Lantanas for vibrant yards and gardens

Lantanas thrive in the full sun and heat of our summers in Tulare and Kings counties. Their roots prefer warm soils and light watering, which is uncharacteristic of many plants. When planting lantanas for the first time in the garden, it is best to wait until late spring. They will grow rapidly all summer and fall, and then usually die back to woody stems with the first frost in winter. But don’t despair, most will survive even a sudden frost and resume their growth in spring. 

Members of the Verbena family, many lantanas are native to tropical areas in North, Central, and South America. They have dark green simple leaves, often with toothed edges and born in opposite pairs along a stem. The crushed foliage has a pungent odor that some people find objectionable. If grown in dense shade the foliage can get mildew, but this is rarely a problem in Tulare-Kings Counties. Lantana flowers are attractive to butterflies, moths, and birds. However, the blackberry-like fruit are toxic to humans. 

Another reason why we like lantanas is the profusion of color they provide throughout the entire growing season. They produce tiny flowers in tight clusters that look like miniature nosegays. Both “old fashioned” and newer hybrid lantanas come in vibrant multicolors, which are perfect for summer pizazz in the landscape. Several varieties are available as one solid color. Most nurseries carry several different cultivars.

The first big decision you need to make is which growth habit best fits your garden design or patio planter. Lantanas grow in four forms: large, loose and informal shrub; round mound and more formal shrub habit; low, spreading, groundcover; and a dwarf compact habit. Shrubby kinds are used as low hedges or foundation plants. Spreading kinds are excellent groundcovers that are effective spilling over raised beds, planter boxes or hanging baskets.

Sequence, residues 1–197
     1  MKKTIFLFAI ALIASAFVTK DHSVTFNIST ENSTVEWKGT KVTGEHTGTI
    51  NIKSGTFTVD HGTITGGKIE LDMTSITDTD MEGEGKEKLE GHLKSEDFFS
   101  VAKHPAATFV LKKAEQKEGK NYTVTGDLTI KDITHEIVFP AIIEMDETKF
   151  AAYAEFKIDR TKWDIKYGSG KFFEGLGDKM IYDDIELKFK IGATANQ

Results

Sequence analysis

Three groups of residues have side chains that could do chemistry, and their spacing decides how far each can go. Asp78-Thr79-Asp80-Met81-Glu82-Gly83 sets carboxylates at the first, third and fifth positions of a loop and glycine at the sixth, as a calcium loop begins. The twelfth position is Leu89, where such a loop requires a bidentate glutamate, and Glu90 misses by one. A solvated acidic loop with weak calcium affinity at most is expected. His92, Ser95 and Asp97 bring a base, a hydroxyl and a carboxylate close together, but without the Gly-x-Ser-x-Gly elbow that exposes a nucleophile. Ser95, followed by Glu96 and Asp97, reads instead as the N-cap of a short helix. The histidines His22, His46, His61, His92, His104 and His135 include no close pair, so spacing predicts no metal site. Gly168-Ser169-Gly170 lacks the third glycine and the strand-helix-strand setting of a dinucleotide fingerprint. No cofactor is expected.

After you determine which growth habit best suits the location where you want to plant, all you need to do is select which color best fits your landscape decorating theme. The multi-color, “confetti” like colors instantly create a festive mood in your garden or patio decor.

Lantana montevidensis is known as the trailing lantana. Lantana camara is the taller shrub. In today’s market we buy hybrids or selections of the two species. Here are a few that are commonly seen. 

Groundcovers: 
  • ‘Confetti’ blossoms are a mix of yellow, pink and purple. 
  • ‘Cream Carpet’ blossoms are cream with a bright yellow throat. 
  • ‘Gold Rush’ blossoms are a rich golden yellow. 
  • ‘Spreading Sunset’ blossoms are vivid yellow-orange red. 
Shrubs: 
  • ‘American Red’ blossoms are bright red with yellow; 4-6 feet tall and wide. 
  • ‘Radiation’ blossoms are rich orange-red; 3-5 feet tall and wide. 
  • ‘Irene’ blossoms are magenta and lemon yellow; compact 3 feet tall and 4 feet wide. 
  • ‘Dwarf yellow’ blossoms are yellow; 2-4 feet tall and wide 

The “Patriot” Series offers a variety of lantanas in heights (tallest to shortest) that they market as pillars, classics, ponies, petites, and weepers. 

Plant lantanas where they can bask in full sun. Water them when the top of the soil is dry, and your flowers will continue to grow and bloom despite the heat. When it comes to fertilizing your lantana, there is such thing as too much of a good thing!

WUCOLS, ccuh.ucdavis.edu/wucols, lists most lantana hybrids as low water users in our area. While established plants are drought tolerant, they stage the best show when they receive roughly one inch of water per week, or when the top of the soil is dry. Plant lantanas where they can bask in full sun. Fertilizer is usually not necessary. 

If your plant becomes too large for its area, you may prune it back during winter. Otherwise, only an occasional snip here and there is needed to keep plants in check all season long! After planting, watch the butterflies come to visit the flowers.

The Master Gardeners will be live to answer your questions on Saturday, June 10, 10 a.m. to 2 p.m. at the Luis Nursery Plant Clinic, 139 S. Mariposa Ave. in Visalia; or from 7:30 a.m. to noon at the Berry Festival at Woodlake Botanical Garden, 577 E. Naranjo Blvd. in Woodlake. You can also contact them at 559-684-3325, or visit their web site at ucanr.edu/sites/UC_Master_Gardeners.

This column is not a news article but the gardening advice and opinion of the writer, and does not reflect the views of The Sun-Gazette newspaper.

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